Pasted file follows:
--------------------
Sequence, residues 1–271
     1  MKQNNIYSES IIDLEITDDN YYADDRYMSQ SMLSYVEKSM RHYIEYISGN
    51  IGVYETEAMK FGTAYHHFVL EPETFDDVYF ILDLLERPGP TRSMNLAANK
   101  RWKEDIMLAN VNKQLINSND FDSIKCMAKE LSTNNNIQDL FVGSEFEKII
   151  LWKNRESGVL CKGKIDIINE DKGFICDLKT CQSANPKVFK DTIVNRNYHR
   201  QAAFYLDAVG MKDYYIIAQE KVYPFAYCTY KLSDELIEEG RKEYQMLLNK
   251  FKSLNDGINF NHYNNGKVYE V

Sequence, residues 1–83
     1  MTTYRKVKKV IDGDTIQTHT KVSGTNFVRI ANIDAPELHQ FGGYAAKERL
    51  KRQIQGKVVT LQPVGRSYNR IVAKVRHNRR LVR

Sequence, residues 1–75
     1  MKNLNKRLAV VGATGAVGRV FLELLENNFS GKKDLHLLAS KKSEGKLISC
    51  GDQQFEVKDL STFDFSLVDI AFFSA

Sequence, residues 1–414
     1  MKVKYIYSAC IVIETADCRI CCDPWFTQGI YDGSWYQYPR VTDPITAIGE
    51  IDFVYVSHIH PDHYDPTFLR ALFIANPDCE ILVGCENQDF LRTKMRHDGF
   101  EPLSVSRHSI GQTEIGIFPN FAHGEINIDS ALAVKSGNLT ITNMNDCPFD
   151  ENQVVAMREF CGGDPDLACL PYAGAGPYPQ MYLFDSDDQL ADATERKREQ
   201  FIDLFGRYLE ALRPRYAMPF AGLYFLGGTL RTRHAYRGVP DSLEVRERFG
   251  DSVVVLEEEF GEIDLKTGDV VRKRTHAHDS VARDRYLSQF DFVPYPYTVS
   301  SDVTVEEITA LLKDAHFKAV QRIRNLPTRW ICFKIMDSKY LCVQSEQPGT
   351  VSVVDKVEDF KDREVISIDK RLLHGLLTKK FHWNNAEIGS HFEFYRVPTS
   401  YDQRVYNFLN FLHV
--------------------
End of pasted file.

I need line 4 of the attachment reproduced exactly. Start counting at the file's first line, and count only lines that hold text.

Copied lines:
   101  RWKEDIMLAN VNKQLINSND FDSIKCMAKE LSTNNNIQDL FVGSEFEKII